Date of Award

8-2013

Degree Type

Dissertation

Degree Name

Doctor of Philosophy

Major

Sport Studies

Major Professor

Joy T. DeSensi

Committee Members

Robin L. Hardin, Lars Dzikus, Barbara J. Thayer-Bacon

Abstract

College athletics originated as a recess from academic demands and were originally organized by students, yet faculty took over supervision to address safety, professionalism, and academic integrity (Hawkins, 2010). This evolution led to the formation of athletic departments and a governing body (Shulman & Bowen, 2001; Hawkins, 2010). Thus, demonstrating a historical element of social control in the motives of sporting establishments; however, official aims such as character building are typically espoused (Shulman & Bowen, 2001), or as Goffman (1961) states, “the reformation of inmates in the direction of some ideal standard” (p. 74). Examination of the use of available resources within NCAA Division I institutions raises questions concerning relationships of power, locus of control, and the mission of universities and athletic departments, (Benford, 2007; Hughes & Coakley, 1991; Shulman & Bowen, 2001). This study analyzes how social control techniques have manifested within NCAA Division I intercollegiate athletics as a perpetuation of commercialization.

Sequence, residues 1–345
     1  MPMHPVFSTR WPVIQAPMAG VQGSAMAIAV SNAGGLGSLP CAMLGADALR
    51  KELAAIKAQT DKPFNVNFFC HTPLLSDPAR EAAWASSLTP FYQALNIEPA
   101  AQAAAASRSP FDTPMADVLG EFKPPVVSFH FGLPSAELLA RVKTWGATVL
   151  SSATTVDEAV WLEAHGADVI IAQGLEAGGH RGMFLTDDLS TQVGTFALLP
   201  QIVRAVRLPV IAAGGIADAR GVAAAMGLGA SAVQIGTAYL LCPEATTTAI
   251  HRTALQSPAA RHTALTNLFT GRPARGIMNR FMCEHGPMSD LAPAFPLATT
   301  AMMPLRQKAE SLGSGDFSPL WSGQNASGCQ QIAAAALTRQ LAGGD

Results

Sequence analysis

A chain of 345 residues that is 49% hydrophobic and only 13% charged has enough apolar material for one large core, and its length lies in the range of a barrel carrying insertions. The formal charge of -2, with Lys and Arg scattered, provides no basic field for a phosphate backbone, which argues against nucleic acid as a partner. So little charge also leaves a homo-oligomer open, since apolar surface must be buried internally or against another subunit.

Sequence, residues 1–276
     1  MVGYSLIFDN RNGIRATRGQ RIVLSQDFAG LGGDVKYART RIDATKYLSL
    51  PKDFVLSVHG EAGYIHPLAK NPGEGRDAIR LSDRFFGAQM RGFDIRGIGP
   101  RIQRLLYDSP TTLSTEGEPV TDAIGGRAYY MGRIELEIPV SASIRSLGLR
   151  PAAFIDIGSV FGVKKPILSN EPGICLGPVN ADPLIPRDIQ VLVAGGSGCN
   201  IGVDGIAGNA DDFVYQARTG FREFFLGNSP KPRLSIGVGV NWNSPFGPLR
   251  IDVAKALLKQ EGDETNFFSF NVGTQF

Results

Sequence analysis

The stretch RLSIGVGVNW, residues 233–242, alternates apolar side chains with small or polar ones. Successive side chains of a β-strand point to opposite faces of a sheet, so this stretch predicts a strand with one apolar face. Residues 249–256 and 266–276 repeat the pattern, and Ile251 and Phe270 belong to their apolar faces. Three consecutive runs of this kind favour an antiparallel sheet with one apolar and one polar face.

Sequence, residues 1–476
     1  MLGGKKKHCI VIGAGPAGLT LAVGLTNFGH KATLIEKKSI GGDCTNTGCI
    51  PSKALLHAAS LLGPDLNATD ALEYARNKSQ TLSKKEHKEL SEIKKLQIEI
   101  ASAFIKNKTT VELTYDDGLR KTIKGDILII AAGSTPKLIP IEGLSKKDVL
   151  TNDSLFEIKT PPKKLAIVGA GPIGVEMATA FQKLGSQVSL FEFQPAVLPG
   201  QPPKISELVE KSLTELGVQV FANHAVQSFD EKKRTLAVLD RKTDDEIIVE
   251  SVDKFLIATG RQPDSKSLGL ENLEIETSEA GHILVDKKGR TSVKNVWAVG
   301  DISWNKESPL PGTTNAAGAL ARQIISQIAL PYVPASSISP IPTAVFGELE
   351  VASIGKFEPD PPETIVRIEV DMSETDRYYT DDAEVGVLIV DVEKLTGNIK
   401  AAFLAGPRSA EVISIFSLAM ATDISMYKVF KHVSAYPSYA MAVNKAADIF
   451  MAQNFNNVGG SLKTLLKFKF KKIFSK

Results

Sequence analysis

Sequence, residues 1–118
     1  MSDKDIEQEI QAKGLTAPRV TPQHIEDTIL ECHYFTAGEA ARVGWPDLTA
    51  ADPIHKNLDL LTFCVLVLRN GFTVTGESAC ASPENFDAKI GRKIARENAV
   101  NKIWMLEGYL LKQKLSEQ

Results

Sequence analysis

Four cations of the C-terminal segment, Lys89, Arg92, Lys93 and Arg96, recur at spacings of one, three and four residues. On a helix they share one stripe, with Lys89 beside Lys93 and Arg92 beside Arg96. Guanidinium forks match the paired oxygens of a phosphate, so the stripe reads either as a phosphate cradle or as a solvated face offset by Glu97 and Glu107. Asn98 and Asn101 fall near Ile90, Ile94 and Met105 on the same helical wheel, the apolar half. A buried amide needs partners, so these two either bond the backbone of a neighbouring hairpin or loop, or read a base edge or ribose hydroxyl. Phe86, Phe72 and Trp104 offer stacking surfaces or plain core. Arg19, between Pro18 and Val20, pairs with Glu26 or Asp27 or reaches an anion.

The experience of three NCAA Division I softball student-athletes is presented. The work is methodologically grounded in the theoretical paradigm of pragmatism and is informed substantively by Foucault’s (1979/1995) panopticism and Goffman’s (1961) total institution. A narrative inquiry as defined by Clandidin and Connelly (1994; 2001; 2006) was designed using semi-structured interviews for data collection. The participants’ unique stories illustrate how they experience the disciplines of a total institution. A polycoval method of data analysis was used to ensure that the multiple voices present in the data were represented (Hatch, 2002). This study expands understanding of how the issues of power, social control, and personal empowerment are experienced by NCAA Division I softball student-athletes.

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